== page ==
Ashley Greiner, MD, MPH
, talked about her group's experiences during the cholera outbreak in Tanzania that began last year and what they've learned from it.
The Global RRT's mission includes deploying trained and equipped multidisciplinary teams with appropriate staff to assess current issues, make recommendations and effectively respond with measurable actions, Dr. Greiner began.
Within 72 hours of the Tanzania Ministry of Health's request for assistance, she and her colleagues organized to work with the ministry, the CDC, the World Health Organization (WHO), Médecins Sans Frontières (MSF), the United Nations Children's Emergency Fund (UNICEF) and other agencies. The CDC provided cholera subject matter experts, lab and epidemiologic expertise and support for an emergency operations center (EOC).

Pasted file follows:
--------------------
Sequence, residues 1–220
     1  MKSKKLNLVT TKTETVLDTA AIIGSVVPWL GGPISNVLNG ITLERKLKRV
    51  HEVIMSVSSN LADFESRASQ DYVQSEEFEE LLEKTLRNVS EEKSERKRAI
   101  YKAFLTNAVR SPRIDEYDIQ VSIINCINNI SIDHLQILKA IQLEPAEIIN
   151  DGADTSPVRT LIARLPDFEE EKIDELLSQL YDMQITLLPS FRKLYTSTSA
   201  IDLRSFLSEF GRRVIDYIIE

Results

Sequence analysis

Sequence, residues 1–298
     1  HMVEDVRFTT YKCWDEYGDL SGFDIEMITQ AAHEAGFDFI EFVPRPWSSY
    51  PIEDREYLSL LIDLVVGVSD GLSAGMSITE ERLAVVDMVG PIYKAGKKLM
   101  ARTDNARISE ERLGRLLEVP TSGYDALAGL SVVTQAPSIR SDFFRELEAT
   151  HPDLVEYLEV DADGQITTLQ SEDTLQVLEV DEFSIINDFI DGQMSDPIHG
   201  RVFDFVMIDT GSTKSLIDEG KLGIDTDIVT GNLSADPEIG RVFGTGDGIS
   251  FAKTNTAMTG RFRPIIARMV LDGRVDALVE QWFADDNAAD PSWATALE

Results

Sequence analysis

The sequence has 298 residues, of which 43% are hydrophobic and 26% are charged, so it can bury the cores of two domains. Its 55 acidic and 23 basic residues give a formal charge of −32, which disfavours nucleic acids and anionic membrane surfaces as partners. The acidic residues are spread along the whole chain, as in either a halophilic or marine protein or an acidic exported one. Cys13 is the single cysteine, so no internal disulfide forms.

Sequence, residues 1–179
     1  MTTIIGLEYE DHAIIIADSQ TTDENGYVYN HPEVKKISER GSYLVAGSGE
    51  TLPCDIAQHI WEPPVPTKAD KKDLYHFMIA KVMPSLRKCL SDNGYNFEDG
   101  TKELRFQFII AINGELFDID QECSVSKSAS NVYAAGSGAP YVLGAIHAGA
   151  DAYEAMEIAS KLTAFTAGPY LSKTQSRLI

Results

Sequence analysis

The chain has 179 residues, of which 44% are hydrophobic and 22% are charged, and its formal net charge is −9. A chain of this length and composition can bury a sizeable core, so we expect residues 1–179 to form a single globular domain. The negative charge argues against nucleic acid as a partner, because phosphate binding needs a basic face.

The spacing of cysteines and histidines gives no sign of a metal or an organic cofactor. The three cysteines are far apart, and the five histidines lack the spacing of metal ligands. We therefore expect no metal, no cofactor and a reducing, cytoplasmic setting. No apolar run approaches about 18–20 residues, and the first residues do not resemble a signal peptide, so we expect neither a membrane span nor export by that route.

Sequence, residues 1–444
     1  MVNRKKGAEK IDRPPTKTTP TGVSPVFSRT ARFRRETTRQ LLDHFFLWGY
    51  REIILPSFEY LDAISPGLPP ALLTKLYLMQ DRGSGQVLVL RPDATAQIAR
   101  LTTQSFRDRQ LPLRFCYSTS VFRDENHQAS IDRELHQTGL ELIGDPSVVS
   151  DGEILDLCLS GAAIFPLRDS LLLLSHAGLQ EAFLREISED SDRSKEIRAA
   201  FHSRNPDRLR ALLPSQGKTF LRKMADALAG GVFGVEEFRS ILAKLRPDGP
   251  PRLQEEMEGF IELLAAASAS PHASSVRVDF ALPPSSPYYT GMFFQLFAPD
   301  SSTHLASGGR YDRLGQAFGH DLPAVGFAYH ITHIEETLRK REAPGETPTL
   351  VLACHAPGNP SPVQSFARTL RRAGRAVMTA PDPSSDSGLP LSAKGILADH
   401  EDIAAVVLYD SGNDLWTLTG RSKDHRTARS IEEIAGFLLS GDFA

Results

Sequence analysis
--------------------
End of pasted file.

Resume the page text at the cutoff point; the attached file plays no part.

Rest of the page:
"Cholera outbreaks require a multifaceted control strategy involving surveillance, laboratory, case management, social mobilization, water, sanitation and hygiene, as well as a strong coordination mechanism to oversee this approach," Dr. Greiner told the audience. "Such a strategy requires a collaborative effort with a diversity of expertise."
Her RRT evaluated cholera treatment centers for infection control, distributed pamphlets and posters and tackled misconceptions about cholera transmission, including a bracelet believed to protect the wearer from cholera.
But the staff were deployed without being briefed about region-specific data, key contacts on the ground and possible duplication of efforts. They lacked concrete objectives and necessary tools and resources, including antibiotics and guidelines; and poorly matched skill sets and lack of training led to confusion.
The RRT is learning from those experiences and developing protocols and situation-specific training for Ministry of Health and RRT staff. While the outbreak in Tanzania continues, the RRT is expanding beyond Tanzania to assist with cholera outbreaks in neighboring countries.